During the August Open Meeting
of the Federal Communications Commission (FCC), Commissioners approved a report and order and declaratory ruling dealing with one-touch make-ready requirements and state and local moratoria.
This item sets out an explicitly preemptive posture for the FCC on state and local regulations. With regards to moratoria, the declaratory order
enacts an immediate blanket prohibition on all state and local government moratoria for telecommunications services and facilities deployment, and expands the definition of those covered moratoria. Under this change, providers who believe that a jurisdiction has an express or de facto moratoria in violation of the order can petition the FCC's Wireline Competition Bureau and Wireless Telecommunications Bureaus, which have been directed to expedite these kinds of challenges.
Commissioner Michael O'Rielly, in particular, made clear in his comments
the intent to take more preemptive actions against local governments. "Every ounce of Congressional authority provided to the Commission must be used as a counterforce against moratoriums, which is just another word for "mindless delay" or "extortion attempts to generate some local officials' wish list"," said O'Rielly. "And, the record is replete with examples of such out-of-bound practices, such as digital inclusion funds, that unnecessarily create political slush funds and raise the cost of service for consumers." This last remark was likely a shot at the City of San Jose, which recently struck a deal
with three carriers to build the country's largest small cell deployment and establish a municipal digital inclusion fund to close the digital divide in low-income neighborhoods.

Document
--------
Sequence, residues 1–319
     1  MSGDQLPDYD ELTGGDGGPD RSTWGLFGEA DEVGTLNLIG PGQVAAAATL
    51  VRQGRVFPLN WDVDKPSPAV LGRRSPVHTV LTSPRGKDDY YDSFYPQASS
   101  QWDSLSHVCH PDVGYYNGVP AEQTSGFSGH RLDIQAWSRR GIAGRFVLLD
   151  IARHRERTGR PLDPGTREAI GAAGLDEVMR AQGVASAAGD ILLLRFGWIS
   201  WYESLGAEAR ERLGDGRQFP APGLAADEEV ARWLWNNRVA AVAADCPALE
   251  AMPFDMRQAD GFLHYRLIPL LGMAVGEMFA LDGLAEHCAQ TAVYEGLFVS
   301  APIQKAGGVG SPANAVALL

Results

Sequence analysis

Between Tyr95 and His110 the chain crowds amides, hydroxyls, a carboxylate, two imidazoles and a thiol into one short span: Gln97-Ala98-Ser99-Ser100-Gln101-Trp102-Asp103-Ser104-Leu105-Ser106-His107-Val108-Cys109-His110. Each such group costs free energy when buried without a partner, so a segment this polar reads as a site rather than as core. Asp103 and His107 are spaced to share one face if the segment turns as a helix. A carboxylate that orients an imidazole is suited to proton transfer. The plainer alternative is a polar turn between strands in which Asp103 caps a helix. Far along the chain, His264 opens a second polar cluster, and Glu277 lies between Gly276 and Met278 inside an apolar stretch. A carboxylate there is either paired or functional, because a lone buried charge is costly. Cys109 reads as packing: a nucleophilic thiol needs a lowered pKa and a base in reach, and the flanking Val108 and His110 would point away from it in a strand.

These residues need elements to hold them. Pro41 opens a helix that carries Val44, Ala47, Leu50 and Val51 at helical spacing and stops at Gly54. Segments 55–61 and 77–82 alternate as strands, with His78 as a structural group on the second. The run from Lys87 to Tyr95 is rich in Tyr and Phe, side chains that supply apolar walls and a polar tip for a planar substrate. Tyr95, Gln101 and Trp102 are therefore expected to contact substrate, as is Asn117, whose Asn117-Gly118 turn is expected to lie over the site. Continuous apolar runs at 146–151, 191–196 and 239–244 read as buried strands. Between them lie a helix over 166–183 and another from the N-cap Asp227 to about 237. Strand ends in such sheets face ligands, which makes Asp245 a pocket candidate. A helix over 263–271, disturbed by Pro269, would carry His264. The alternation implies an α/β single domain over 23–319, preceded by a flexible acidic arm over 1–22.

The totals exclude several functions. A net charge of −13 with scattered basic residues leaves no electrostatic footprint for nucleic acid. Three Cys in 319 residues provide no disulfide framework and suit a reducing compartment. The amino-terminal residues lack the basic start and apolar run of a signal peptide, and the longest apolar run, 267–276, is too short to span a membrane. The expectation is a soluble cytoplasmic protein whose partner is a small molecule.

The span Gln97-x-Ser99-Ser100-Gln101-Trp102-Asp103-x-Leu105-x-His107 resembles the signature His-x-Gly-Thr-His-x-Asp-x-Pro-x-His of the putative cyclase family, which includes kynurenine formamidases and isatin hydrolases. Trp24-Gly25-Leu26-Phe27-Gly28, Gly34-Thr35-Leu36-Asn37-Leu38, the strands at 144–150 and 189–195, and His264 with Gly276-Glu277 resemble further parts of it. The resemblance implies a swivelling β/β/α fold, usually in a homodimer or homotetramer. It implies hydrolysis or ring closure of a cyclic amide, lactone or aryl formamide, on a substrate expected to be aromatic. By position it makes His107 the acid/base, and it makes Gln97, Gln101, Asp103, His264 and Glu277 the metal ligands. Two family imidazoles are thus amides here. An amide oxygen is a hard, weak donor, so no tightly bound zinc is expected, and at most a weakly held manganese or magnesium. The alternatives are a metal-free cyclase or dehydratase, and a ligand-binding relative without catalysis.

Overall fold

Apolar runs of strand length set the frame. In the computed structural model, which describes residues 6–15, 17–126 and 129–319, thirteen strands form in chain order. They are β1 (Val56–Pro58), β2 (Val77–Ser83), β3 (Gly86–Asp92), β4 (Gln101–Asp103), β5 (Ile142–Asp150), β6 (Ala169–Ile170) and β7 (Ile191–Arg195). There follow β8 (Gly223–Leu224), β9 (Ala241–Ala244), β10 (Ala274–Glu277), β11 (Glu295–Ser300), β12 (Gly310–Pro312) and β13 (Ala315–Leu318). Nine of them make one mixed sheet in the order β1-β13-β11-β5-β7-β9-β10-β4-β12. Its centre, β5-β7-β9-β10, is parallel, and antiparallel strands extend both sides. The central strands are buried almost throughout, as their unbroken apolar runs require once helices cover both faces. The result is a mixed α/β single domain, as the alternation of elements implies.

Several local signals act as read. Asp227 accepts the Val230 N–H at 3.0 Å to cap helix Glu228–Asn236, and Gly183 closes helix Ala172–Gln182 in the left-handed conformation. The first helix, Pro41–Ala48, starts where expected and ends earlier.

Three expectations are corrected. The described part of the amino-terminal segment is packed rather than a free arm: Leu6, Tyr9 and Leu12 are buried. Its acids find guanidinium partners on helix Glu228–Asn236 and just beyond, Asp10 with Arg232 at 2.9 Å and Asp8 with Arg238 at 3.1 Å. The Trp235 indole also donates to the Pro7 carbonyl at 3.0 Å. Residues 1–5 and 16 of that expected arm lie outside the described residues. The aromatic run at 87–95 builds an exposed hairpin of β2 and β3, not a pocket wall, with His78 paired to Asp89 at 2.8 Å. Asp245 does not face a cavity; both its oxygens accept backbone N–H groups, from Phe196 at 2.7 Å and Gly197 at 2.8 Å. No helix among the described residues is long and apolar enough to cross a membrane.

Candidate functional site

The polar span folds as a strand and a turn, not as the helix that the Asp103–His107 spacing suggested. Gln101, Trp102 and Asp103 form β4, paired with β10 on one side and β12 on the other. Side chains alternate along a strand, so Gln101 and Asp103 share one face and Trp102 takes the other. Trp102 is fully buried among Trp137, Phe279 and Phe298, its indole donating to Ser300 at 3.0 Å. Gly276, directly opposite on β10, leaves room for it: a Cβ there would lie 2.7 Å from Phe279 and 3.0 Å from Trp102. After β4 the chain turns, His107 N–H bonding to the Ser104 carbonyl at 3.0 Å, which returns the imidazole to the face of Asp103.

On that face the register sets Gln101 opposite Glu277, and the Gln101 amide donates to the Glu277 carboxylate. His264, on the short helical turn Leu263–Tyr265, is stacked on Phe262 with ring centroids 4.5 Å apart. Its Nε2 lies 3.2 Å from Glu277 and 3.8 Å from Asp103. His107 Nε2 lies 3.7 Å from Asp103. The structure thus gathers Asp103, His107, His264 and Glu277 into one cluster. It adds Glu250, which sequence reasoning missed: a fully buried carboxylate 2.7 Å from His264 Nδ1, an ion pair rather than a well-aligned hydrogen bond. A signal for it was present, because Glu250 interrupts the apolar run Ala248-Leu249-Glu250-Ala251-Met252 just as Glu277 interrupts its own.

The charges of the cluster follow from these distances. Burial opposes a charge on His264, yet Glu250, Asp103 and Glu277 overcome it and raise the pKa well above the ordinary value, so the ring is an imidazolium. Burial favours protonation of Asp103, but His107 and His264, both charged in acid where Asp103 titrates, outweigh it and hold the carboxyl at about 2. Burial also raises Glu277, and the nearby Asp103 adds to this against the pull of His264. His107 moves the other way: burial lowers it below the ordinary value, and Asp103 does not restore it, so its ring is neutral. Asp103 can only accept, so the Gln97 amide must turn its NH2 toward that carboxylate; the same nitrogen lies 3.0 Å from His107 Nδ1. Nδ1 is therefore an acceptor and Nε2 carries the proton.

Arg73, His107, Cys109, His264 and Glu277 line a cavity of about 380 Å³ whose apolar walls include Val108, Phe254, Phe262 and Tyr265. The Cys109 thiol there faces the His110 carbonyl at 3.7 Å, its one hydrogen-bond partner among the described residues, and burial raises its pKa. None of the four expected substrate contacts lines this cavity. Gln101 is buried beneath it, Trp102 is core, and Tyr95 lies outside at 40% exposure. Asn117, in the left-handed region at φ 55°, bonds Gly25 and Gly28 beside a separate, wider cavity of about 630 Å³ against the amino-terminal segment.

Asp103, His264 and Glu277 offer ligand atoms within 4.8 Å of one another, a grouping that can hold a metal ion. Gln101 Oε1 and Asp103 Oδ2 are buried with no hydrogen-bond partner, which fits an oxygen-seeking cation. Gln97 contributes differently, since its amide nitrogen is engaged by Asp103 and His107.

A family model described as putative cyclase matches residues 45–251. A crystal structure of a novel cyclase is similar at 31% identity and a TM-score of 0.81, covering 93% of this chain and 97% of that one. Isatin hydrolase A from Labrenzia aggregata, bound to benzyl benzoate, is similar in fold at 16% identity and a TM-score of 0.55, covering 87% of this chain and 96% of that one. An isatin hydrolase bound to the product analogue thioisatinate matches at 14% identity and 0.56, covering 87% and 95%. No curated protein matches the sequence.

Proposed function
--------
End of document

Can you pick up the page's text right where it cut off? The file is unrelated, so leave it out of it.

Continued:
NLC released the following statement in response to the vote:
"The National League of Cities (NLC) is disappointed that the Commission chose to further preempt local authority with today's Report and Order.
NLC strongly disagrees with Commissioner Michael O'Rielly's characterizations of local governments and their associations as obstacles to broadband deployment. In fact, local governments share the Commission's goal of closing the digital divide. It is local innovative approaches, from investing in public broadband infrastructure to working with providers to address digital inequity in communities, that will allow for cutting-edge technology to be implemented equitably across the country. Cities must retain the flexibility to protect their residents' interests and ensure appropriate management of public property.
In our view, Commissioner Jessica Rosenworcel's assessment that this decision on moratoria will lead to more, not less, litigation is accurate. Unelected officials in Washington do not know better than the mayors and councilmembers in cities and towns about how best to protect local needs.
NLC remains concerned by the expansive approach the Commission has taken to its interpretation of the law regarding preemption, and we believe that the Commission is overreaching its statutory authority."